Dentistry/Types of crowns (zirconium and insurance)
Hi Dr. Teig,
I recently went to my dentist because a filling on one of my upper teeth (#13?) fell out (apparently, due to decay underneath the filling). Long story short, she ended up having to do a crown. I have never had a crown before, and didn't know about the options available (but my insurance does cover some types of crowns). I found out after paying, that my dentist ordered a zirconium crown without consulting me and my insurance did not cover any of the cost (so I ended up paying $995 out of pocket for the services - $895 of that being the crown). As I have never had a crown before, and didn't know the average cost (or have the schedule of services from my insurance in front of me), I didn't think to ask about the type of crown she was using. Otherwise, if she had chosen a crown within my coverage (i.e., presented me with my options), it would have been around $500 for all the services (my out of pocket for a crown within my coverage would be $410).
Right now I've contacted my insurance company and they are contacting the dental office to get confirmation of what crown they ordered and see if it can be covered. My first question: I see under my insurance that they have a billing category for Crown—porcelain/ceramic substrate (as well as resin fused to metal and porcelain fused to metal type crowns). Could a zirconium crown fall under this 'ceramic substrate' billing category?
My second question: Given the likelihood that my insurance will not cover the cost (any of it) for this crown, I also wanted to see if you, as a dentist, had any advice for how to work with my dentist on this issue. Given that my dentist did not provide me with choices of crowns, or clarify that the crown she was using was expensive and not covered by my plan (and, most problematic, not necessary per se), I am not sure how best to handle the situation. I am afraid it may be too late to 'cancel' or 'switch' the order, as I saw her last Thursday (1/17/13) and they said they already sent the impression to the lab (if my assumption is wrong here, please let me know). My insurance told me that if they can't cover it to ask the dental office for a 25% discount. I have already paid and am not sure what my best course of action might be. I liked the manner in which the dentist treated me while the procedure was being done, and do not want to damage the relationship by assuming she did something unethical by not properly informing me of my treatment choice (especially because I expect to go back to her for the permanent crown for now). I intend to speak to the dentist directly, but want to do so in an effective manner. I know that every dentist is an individual, but based on your experience in the field, is this something that is reasonable to pursue and discuss with her (or, worst case scenario, file a complaint), or am I out of luck because I didn't ask questions?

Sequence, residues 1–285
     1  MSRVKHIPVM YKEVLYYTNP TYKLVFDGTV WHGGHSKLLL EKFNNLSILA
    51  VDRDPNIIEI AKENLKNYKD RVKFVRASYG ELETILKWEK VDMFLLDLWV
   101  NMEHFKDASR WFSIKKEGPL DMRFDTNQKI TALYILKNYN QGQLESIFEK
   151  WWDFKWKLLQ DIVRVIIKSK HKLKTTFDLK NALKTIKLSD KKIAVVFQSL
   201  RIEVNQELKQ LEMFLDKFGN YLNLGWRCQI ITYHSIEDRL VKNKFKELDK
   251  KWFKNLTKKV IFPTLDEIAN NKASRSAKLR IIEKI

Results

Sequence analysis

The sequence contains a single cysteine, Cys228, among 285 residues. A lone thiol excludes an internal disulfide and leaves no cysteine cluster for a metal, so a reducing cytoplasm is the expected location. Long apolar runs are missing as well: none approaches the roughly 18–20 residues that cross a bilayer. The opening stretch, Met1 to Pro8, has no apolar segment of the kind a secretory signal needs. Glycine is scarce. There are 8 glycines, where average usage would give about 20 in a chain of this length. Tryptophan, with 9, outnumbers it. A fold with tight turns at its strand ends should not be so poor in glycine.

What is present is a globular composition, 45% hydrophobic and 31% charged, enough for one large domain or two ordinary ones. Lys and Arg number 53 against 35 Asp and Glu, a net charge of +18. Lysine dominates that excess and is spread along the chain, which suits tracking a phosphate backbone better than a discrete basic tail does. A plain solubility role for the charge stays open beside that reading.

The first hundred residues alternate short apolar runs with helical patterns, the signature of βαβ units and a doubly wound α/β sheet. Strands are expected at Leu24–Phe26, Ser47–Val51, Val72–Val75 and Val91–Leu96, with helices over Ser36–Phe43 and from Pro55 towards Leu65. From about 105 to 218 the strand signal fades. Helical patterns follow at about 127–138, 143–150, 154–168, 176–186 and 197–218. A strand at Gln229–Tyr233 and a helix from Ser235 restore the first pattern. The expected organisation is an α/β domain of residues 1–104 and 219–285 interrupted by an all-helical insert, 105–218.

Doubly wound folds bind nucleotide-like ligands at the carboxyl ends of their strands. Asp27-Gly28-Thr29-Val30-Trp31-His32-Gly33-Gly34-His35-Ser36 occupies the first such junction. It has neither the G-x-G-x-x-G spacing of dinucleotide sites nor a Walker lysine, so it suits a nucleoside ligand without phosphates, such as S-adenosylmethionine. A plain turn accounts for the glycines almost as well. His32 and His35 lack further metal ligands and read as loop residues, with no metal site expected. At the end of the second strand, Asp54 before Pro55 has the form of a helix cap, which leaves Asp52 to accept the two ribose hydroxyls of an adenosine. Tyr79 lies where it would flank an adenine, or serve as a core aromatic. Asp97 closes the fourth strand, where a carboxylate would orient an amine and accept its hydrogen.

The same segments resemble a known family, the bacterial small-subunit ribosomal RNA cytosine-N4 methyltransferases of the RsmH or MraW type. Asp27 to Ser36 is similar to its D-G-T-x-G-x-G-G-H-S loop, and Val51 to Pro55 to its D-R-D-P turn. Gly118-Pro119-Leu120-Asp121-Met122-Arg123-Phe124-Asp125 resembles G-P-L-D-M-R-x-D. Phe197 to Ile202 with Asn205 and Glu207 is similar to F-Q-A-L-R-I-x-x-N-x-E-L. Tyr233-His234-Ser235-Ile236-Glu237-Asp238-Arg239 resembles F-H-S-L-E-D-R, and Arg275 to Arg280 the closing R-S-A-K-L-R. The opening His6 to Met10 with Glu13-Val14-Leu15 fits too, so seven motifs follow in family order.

Thank you for your time and advice,
Carol - Zirconium crowns are very strong and their big advantage is that their is no color changes in the crowns near the gum line. They are crowns that are cosmetically advantageous with the front teeth, because of the lack of color changes in the crown near the gum line. Porcelain crowns can have a gray appearance at the gum line. One of their disadvantages is that they can produce erosive changes in the teeth they bite against if they are placed on teeth not in the front of the mouth.
Your dentist should have offered you options. This type of crown, is very strong and will not chip, but it can cause its own problems, like I described above. Your dentist should have definitely given you options financially and the differences in functioning. You should definitely approach the dentist with a necessity to give you a financial break. If your insurance covers crowns, they should cover at least a portion of this crown.
So what I see is a problem with both the doctor and the insurance company. They should communicate and arrive with a solution so that you are not financially traumatized. So you should push to have them both arrive at a solution so you are not taken advantage of by both.